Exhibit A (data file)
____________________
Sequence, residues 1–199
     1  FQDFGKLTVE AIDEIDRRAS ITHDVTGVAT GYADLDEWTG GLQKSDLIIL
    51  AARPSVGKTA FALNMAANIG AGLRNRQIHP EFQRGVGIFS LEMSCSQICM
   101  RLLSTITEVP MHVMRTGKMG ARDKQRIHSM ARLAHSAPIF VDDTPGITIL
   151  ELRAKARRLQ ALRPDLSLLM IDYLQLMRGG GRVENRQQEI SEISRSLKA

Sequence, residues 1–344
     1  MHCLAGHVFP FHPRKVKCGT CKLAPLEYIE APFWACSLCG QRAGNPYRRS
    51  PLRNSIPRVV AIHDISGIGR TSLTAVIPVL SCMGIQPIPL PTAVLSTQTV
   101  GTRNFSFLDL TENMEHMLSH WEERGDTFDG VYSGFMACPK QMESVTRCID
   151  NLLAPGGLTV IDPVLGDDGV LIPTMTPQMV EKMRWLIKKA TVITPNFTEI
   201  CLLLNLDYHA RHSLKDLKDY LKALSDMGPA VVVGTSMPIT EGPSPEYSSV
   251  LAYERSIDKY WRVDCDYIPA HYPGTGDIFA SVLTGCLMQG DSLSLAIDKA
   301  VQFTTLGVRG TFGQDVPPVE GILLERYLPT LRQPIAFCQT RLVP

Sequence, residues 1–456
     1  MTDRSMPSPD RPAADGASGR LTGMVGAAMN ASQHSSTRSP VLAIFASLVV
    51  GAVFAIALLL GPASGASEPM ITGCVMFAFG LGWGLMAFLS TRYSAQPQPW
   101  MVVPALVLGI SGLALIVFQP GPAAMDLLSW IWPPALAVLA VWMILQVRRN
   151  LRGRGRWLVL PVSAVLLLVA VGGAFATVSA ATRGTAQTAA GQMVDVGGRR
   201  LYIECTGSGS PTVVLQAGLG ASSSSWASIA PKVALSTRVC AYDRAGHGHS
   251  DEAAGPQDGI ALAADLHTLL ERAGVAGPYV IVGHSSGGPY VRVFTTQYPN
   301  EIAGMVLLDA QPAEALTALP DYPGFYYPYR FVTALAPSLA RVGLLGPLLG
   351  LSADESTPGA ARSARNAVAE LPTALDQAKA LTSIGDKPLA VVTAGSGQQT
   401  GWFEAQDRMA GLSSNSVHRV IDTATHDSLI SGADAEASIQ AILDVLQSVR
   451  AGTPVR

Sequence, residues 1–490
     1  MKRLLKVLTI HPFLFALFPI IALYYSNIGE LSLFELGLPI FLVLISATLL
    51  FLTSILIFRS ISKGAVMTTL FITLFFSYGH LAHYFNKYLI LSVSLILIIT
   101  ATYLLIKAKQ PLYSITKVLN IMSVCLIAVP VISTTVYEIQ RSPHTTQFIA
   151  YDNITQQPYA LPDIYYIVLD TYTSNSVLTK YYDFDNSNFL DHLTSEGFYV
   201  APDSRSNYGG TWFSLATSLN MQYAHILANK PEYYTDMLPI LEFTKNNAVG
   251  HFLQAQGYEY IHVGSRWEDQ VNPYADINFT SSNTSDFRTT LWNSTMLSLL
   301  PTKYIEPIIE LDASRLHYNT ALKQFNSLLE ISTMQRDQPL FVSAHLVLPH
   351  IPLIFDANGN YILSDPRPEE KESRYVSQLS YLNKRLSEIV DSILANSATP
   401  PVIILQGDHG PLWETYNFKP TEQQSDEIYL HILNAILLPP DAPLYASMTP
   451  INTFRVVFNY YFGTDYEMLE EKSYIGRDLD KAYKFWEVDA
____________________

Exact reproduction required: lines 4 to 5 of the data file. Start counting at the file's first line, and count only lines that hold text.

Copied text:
   101  RLLSTITEVP MHVMRTGKMG ARDKQRIHSM ARLAHSAPIF VDDTPGITIL
   151  ELRAKARRLQ ALRPDLSLLM IDYLQLMRGG GRVENRQQEI SEISRSLKA